Eagle Theatre’s Hot and Sassy SMOKEY JOE’S CAFE

by Jack Shaw
Jenna Bitow, AJ Mendini, Rachel Pinkstone-Marx. (Photo credit: Chris Miller)

Jenna Bitow, AJ Mendini, Rachel Pinkstone-Marx. (Photo credit: Chris Miller)

“Yakety Yak”, “Poison Ivy”, “Jailhouse Rock”, “Kansas City”, “Charlie Brown”, “Loving You”, “Trouble” and “Searchin'” are some of the some of the songs danced and sung to perfection by the ensemble. You’ve heard some of these songs and wondered where in the heck did they come from and some you recognize as Elvis Presley’s. They were, but not at first. That’s for later. The dancing grabs you as the songs take you back (if you’re old enough) or take you to another world if you’re not. I admit to remembering it was my parent’s music, but I loved the oldies. This was better than going back in time.

So riveting is The Eagle Theatre’s SMOKEY JOE’S CAFÉ that no one wants to miss a moment of the heart pounding, hair-raising notes and rhythms, the playful and stylistic dancing so unique today, and reminiscent of the age of Jerry Leiber and Mike Stoller. It was a little before Elvis, and what an age it was. Leiber and Stoller were the first white guys to venture into writing rhythm and blues, then rock, music that up until then had been solely in the hands of African-American musicians.

In fact, a few of Elvis’ mega-hits are sung here, most likely the way the writers wanted them, too. For example, did you know “Hound Dog” was written for a woman? In this case, the always amazing Jenna Bitow. She gives the song a new layer of meaning and sass. When she starts singing it you can feel the audience start to get up on their feet. There are several moments like that. We were all in the mood. Kate Tharp Shafer did a superb job with costumes as she always does; however this must have been a major project with so many matching pants, dresses, and different color shirts to help us re-live the era. She pulls it off beautifully. She’s not the only one. Every performer on that stage gives us a chance to see his or her specialty, while creating different characters for each song. A golden statuette to the cast if it were mine to give. I’d love to name you all and sing all your praises, but I’m bound to leave out something dear to you. This show is one that will remain in my memory for a long time because of the great work you did here.

For everyone else, here’s the magnificent cast: Rajeer Alford, Franklin Anthony, Marissa Barnathan, Jenna Bitow, Michael Hogan, Jessica Johnson, A. J. Mendini, Rachel Pinkstone-Marx and Will Scantling. I’m pretty sure I saw your best moments and I hope others do. I look forward to seeing you in your next projects.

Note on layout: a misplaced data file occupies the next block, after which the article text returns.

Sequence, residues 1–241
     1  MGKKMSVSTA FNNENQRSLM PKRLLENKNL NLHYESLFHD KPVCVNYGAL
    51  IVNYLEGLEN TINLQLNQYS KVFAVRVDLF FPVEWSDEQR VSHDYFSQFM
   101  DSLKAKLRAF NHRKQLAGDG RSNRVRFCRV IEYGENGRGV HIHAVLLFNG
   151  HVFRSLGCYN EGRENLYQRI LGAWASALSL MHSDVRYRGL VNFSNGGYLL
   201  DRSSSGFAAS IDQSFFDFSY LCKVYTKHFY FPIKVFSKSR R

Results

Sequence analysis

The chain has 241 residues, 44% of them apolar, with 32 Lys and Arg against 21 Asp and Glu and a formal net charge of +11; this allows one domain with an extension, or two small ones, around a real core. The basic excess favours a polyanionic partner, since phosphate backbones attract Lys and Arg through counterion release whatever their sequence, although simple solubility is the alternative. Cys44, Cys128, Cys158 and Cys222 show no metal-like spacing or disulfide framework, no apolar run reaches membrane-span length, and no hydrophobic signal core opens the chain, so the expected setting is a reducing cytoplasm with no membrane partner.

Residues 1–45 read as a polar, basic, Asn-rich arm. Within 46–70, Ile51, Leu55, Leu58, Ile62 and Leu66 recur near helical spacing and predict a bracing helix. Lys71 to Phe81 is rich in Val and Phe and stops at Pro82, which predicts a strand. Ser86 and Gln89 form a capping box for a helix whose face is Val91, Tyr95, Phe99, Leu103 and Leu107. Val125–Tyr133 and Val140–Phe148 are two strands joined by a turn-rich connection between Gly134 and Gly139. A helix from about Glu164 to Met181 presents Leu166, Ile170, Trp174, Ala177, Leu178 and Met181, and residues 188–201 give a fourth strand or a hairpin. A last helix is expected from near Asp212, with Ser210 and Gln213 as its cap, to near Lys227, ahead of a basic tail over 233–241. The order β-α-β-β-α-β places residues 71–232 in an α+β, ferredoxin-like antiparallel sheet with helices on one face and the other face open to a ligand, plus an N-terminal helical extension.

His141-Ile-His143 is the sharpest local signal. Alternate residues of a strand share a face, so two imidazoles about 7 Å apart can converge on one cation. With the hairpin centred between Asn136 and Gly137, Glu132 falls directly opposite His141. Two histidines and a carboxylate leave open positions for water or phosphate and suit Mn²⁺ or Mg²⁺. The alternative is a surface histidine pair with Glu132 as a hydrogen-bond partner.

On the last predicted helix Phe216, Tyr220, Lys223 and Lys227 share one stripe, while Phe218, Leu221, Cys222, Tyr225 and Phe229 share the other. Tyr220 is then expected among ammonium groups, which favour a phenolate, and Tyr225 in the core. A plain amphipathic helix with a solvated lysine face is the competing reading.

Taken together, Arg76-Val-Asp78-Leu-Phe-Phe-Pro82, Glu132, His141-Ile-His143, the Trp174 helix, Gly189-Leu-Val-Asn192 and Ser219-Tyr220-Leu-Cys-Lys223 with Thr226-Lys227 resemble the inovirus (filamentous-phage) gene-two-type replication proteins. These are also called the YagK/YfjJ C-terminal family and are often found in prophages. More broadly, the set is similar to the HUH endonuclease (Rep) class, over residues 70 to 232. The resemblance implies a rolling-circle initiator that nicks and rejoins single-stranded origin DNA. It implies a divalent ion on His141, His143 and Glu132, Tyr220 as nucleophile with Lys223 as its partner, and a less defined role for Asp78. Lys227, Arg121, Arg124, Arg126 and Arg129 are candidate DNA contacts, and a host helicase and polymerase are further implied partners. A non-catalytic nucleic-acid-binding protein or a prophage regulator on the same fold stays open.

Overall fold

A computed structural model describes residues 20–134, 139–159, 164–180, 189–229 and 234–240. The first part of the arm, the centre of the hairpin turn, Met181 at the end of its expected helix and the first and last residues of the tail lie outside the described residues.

It’s intermission. Ed Corsi, the director, stands modestly, but proudly, off to the side. He has an electrifying show and he knows it. So does the audience as they head back after taking a short break to their seats for some more mind-blowing belting, dancing and sashaying. Jason Neri, the musical director, who also plays piano with the band, knows that he’s had a hand in the songs and music we loved so much.

I saw SMOKEY JOE’S CAFÉ at The Eagle Theatre Saturday evening with my family, wishing we had seen it opening night instead of the day after. There is such energy, such music, such singing, such moving, such color, such lighting, such costumes, and such a wonderful set. Ed Corsi has to be in theatre heaven because he headed a masterpiece of musical theatre (revue actually, but why mince words). I was mesmerized by Franklin Anthony’s amazing choreography that gelled so perfectly with the awesome ensemble cast. There were synchronized movements that most theatre goers have never seen before in person. Justin Walsh’s set design gave a great place for Jason Neri’s band (also excellent), provided entrances and exits on different levels. It had a clean look like that of the performers. I liked the look of it from the minute I stepped inside the theatre.

The Company of SMOKEY JOE'S CAFE. (Photo credit: Chris Miller)

The Company of SMOKEY JOE’S CAFE. (Photo credit: Chris Miller)

I knew I was in the presence of professionals. The confident, fast-paced movement and acting/singing the songs so perfectly can only come from actors who know themselves and the show so well they could do it alone. In some cases, there is no understudy and this was one of them. One of the actors, Mike Hogan, slipped a disc earlier and, if you’ve ever slipped a disc, you know the indescribable pain. A true professional for whom, “the show must go on,” Mike with the help of some pain pills managed to stay the course. With the type of numbers he had to do, I don’t know how he stood the pain and managed to keep a smile on his face.

The Eagle Theatre’s SMOKEY JOE’S CAFE earned a spontaneous standing ovation with the last song “Stand By Me”. The energy in the theatre was so high I expected nothing less. It was almost as if the theatre was poised to jump to its feet at anytime during the entire show. This is not a show to miss or you’ll regret it if you love theatre or music or dance. Don’t put it off until later because this show is bound to sell out, when word of mouth gets out.

Music and Lyrics by Jerry Leiber and Mike Stoller
Directed by Ed Corsi
Musical Direction by Jason Neri
Choreography by Franklin Anthony
August 2, 3, 8, 9, 10, 16, 17, 22, 23, 24 | 8:00PM
August 11; 18 | 3:00PM
The Eagle Theatre
208 Vine Street
Hammonton, NJ 08037
(609) 704-5012

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